An investigation into a trader involved in cum-ex transactions has been stopped, after a judge questioned the FCA’s apparent lack of commitment to probing the European tax scandal.
City watchdog the Financial Conduct Authority (FCA) was ordered to pause its probe until 2022, after a separate court decides on a case brought by Danish tax authorities against former hedge fund manager Sanjay Shah, Bloomberg reported.
The investigations into the cum-ex scandal were not “one of the FCA’s high priorities”, a judge said.
The cum-ex scandal led to billions of euros in losses for the treasuries of countries such as Germany, Denmark, France and Italy, and has led to arrests, raids and court cases dragging in some of the financial world’s largest players.
The name comes from the Latin for with-without and refers to the stocks with and without their dividends.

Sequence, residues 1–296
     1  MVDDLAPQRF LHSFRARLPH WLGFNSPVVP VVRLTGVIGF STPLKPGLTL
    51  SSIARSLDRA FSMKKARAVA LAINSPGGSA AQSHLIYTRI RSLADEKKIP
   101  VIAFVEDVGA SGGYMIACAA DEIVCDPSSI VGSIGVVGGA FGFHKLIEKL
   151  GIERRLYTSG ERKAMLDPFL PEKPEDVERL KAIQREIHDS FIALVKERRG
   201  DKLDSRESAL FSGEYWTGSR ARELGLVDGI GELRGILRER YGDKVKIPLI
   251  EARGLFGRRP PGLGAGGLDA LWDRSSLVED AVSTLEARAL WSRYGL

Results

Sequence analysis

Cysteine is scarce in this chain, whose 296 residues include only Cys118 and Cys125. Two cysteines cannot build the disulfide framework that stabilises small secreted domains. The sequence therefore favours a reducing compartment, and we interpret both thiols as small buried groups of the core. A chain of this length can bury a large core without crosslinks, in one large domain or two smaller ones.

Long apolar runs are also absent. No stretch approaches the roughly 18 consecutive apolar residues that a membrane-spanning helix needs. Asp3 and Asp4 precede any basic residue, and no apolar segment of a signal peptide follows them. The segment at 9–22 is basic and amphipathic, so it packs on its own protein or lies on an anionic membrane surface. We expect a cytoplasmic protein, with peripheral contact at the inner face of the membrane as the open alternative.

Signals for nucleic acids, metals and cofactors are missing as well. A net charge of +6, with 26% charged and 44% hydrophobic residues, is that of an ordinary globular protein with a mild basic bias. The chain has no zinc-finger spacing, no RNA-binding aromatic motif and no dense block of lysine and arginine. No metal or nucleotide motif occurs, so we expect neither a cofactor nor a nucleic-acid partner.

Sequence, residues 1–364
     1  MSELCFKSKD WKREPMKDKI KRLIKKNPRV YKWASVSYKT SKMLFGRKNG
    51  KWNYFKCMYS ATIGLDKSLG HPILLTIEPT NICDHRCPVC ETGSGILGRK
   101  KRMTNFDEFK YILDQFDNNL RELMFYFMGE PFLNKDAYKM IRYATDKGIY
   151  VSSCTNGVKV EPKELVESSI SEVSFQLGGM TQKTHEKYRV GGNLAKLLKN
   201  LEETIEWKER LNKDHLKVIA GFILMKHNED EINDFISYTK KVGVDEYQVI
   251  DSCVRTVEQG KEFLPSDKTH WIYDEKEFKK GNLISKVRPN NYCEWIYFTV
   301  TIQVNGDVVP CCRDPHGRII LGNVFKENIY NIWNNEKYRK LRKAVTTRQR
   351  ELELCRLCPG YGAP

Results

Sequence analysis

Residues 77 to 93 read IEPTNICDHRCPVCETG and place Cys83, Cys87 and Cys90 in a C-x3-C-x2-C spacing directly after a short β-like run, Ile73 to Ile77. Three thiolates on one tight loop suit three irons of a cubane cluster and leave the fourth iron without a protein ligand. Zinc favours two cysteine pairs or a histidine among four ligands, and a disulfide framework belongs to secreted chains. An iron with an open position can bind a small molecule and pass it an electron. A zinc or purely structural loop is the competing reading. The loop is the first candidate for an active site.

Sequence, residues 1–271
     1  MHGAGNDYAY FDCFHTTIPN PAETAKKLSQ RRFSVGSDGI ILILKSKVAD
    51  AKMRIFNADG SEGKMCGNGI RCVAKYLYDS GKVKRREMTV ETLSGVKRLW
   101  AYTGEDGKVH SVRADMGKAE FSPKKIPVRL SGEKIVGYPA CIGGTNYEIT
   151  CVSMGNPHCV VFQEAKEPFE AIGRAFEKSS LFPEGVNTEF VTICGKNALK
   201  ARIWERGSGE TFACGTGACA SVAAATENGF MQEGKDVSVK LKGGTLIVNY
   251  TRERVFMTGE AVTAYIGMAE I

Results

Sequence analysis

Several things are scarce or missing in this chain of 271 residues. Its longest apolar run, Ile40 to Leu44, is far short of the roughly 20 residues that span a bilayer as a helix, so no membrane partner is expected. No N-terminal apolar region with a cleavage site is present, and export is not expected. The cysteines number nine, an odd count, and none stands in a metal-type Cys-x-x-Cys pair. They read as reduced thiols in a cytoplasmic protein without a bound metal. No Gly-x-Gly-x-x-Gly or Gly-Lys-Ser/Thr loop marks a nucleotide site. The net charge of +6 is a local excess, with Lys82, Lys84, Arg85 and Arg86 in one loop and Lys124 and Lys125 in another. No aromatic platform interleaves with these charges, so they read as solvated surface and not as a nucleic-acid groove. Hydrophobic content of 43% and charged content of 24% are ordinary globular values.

Cum-ex trading involved using a now-closed legal loophole to claim tax credits for both buyers and sellers of shares by buying shares just before their dividends expired and then selling them on straight away.
Numerous banks and investors are being scrutinised for their role in it.
The FCA’s case into the accused trader, who cannot be named, has been open since at least 2015.
The FCA is looking at 14 firms and six individuals who operated dividend-stripping schemes in Denmark, Germany, France and Italy.
Denmark’s tax agency is suing Shah and his associates in London, in a bid to recoup £1.5bn pounds it says it was defrauded out of, Bloomberg reported.
The FCA said its permission to appeal was refused by the judge who heard the case. The regulator said it would now be seeking permission to appeal from the Court of Appeal.